The battle for the sharing economy has moved into the air where new entrants like Airpooler and Flytenow have come up against FAA regulations. Via Brookings. FAA Says No to Private Air Travel for the Masses. Excerpt:
Most Americans probably think that private air travel is only for the 1 percent, or more likely the 1 percent of the 1 percent, with the cost of private jets in the millions of dollars. Travel in small aircraft is much cheaper, but still inaccessible to most people due to the time, effort, and cost of becoming a private pilot.
The new sharing economy could change that. Just as Airbnb allows individuals to rent out all or part of their homes, and Uber and Lyft are testing out ridesharing services, two new startups are aiming to bring private air travel to the masses. Airpooler and Flytenow offer a simple service that is basically a teched-up version of the craigslist ridesharing board. Pilots post flights that they are planning to take, which passengers can sign up to share.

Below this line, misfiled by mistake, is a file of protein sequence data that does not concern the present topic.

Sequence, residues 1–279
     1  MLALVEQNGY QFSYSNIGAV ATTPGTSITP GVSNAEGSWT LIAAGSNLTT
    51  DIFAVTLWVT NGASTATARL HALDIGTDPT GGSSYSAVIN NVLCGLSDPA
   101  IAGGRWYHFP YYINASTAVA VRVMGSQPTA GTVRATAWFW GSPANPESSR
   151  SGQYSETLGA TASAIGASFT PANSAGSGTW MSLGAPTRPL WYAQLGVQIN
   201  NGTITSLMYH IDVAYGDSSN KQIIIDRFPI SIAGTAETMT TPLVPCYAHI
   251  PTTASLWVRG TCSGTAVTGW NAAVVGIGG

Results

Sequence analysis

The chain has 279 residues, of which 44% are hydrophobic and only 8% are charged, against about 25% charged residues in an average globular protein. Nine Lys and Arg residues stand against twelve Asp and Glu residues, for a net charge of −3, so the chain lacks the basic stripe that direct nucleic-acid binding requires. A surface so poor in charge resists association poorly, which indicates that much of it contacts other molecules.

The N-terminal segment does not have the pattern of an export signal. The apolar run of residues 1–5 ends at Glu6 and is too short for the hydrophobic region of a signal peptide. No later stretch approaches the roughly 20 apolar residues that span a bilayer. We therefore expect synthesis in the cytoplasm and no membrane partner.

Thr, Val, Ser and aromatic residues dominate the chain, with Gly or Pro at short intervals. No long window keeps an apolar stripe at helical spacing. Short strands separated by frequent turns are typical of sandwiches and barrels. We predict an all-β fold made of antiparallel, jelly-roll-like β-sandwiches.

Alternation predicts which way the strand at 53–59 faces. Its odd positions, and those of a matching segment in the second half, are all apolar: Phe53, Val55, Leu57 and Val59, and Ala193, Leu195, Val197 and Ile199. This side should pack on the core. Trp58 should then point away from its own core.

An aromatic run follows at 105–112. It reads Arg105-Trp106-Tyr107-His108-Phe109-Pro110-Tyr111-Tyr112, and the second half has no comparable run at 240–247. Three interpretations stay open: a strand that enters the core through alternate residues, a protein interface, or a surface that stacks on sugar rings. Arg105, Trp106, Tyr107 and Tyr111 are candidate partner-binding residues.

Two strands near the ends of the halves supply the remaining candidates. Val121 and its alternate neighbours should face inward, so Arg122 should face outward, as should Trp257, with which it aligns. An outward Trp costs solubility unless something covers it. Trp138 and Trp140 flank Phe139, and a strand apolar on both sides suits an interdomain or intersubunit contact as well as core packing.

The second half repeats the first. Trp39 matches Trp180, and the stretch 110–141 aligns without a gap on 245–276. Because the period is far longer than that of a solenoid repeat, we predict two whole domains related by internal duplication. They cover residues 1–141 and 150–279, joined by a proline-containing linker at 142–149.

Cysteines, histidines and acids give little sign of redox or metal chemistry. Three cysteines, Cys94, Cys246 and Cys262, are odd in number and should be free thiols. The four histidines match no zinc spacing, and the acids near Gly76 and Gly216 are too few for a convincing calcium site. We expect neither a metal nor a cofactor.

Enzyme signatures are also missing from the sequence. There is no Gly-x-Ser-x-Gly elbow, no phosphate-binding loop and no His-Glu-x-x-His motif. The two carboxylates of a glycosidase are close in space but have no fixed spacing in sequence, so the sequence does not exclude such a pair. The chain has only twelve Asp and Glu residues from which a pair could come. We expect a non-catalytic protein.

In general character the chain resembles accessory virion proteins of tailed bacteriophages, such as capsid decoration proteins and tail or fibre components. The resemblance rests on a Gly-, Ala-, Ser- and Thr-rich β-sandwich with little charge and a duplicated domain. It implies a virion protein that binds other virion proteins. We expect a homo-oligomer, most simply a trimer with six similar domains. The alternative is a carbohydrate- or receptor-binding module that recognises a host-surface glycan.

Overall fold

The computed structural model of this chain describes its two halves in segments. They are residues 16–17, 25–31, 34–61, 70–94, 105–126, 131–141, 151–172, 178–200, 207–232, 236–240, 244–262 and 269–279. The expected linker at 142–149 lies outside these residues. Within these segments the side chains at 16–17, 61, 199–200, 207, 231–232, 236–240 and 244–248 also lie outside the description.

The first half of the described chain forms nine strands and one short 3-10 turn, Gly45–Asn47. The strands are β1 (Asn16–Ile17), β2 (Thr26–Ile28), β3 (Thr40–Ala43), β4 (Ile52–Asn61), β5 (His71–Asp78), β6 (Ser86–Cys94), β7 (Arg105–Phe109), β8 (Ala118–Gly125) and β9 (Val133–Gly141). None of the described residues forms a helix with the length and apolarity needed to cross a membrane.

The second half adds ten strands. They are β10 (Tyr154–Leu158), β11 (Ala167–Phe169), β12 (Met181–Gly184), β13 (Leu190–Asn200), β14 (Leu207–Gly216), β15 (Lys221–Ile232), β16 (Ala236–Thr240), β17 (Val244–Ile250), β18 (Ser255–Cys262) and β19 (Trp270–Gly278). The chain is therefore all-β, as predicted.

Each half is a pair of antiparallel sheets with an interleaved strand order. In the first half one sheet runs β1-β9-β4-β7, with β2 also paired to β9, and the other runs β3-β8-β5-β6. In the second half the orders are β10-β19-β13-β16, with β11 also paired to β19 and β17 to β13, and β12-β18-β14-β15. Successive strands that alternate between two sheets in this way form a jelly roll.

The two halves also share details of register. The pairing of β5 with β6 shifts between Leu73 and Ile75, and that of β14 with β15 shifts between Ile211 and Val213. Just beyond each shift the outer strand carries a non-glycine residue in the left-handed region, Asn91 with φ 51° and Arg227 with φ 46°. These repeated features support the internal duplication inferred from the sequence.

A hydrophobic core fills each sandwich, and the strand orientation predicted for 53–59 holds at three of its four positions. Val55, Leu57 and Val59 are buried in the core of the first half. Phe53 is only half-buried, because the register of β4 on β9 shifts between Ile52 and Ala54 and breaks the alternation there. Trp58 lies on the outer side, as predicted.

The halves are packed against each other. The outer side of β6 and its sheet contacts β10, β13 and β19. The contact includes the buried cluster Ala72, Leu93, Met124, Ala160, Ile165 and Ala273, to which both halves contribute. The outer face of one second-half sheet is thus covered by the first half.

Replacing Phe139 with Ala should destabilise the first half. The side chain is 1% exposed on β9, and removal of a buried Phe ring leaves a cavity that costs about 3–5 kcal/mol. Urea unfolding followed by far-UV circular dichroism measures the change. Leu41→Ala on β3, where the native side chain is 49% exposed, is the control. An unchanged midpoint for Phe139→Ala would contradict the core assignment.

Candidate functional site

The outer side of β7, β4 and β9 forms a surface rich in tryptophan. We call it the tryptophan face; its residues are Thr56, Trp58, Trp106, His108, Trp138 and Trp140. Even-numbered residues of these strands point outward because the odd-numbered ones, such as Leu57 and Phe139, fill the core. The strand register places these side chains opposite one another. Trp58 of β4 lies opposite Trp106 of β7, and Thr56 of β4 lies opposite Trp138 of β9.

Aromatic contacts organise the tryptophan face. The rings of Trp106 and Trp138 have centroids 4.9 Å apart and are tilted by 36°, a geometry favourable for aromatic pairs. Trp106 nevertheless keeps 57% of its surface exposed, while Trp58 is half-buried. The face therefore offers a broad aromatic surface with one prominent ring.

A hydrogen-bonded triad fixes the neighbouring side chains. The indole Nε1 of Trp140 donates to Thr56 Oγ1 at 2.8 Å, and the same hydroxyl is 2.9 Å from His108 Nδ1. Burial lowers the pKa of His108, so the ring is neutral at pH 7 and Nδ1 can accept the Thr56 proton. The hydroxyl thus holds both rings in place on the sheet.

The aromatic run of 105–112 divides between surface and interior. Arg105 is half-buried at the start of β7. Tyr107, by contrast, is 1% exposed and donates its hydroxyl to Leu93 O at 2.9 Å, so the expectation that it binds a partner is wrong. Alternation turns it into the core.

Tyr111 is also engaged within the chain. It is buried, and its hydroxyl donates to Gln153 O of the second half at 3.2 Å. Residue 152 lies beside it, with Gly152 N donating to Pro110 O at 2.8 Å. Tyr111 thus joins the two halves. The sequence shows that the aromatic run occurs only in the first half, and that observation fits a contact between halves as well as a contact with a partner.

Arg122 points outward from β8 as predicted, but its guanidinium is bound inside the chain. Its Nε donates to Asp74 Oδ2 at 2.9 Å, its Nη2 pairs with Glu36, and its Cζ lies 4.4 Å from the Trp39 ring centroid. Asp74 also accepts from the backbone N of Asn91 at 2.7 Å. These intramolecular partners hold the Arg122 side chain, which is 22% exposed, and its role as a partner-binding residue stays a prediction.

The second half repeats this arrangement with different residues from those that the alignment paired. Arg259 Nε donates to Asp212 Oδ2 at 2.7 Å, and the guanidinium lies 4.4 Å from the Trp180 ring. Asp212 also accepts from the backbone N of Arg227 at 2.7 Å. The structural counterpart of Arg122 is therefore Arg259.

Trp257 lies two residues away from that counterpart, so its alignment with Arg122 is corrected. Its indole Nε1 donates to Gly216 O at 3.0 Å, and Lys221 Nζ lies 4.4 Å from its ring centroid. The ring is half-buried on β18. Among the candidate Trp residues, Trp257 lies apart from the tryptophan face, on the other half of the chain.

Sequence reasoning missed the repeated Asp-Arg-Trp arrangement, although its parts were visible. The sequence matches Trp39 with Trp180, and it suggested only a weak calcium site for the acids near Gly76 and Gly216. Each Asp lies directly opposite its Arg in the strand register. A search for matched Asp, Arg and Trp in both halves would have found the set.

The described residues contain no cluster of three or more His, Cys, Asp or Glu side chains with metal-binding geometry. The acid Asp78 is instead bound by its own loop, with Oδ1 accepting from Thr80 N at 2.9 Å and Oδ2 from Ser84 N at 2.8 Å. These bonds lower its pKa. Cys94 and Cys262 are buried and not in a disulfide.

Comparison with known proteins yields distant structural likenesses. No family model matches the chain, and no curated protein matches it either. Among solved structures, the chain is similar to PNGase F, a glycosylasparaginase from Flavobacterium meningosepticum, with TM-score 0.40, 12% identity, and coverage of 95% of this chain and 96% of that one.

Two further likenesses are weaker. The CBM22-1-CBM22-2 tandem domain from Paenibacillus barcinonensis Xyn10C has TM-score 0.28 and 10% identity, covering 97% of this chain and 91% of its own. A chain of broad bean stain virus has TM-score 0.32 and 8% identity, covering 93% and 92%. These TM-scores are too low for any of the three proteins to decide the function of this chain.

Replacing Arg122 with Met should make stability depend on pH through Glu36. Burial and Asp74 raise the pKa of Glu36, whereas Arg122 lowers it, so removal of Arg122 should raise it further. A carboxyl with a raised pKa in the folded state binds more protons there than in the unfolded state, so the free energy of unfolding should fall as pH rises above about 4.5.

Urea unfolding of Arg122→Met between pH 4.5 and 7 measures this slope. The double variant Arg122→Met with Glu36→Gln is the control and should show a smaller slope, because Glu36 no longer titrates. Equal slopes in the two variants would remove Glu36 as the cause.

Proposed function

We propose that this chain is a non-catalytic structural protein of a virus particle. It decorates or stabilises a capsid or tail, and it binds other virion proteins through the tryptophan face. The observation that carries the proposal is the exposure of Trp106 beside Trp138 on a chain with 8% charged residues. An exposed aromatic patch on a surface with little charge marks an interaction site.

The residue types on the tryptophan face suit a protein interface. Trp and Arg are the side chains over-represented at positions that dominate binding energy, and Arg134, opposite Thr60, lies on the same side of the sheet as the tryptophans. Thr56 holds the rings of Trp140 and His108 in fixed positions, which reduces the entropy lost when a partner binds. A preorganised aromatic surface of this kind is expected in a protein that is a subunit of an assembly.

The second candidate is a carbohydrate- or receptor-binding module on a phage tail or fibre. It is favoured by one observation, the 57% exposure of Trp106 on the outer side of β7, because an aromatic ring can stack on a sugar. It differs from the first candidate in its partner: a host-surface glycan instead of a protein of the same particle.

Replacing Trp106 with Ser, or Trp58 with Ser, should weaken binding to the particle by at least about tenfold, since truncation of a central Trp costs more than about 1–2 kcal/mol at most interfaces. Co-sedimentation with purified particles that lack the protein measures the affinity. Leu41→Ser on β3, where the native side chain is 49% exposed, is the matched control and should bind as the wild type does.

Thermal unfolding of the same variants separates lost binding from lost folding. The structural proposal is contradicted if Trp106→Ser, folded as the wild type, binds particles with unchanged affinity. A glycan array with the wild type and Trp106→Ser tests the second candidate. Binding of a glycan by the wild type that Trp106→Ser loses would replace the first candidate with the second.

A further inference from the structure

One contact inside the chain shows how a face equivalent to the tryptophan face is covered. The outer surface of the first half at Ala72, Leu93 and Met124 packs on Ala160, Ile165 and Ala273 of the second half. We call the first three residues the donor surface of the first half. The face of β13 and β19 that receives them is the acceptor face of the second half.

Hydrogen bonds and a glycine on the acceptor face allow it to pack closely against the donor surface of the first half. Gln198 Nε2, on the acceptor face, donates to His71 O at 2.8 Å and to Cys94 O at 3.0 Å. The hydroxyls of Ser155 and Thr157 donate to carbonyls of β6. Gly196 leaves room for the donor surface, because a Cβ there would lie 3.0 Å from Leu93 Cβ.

Travel in small planes is not only convenient, but can be surprisingly economical for passengers. A flight from Washington, DC to New York City in the 1959 Piper Comanche that I co-own with another pilot would take about 1.5 hours and cost about $125 in gas. Split four ways, the cost comes out to about $31 per passenger, a bit more expensive than a bus but much cheaper than Amtrak.
Is it legal for a private pilot to share flight costs with passengers? It definitely is as long as the pilot was going to make the flight anyway. In other words, if I’m going to New York I can bring along a friend and split the cost of gas, but if my friend asks me to fly him to New York as a favor then I have to do it for free or not at all. This may sound like bureaucratic hair-splitting, but the rules are the rules. However, apparently they may not apply to flights arranged over the Internet.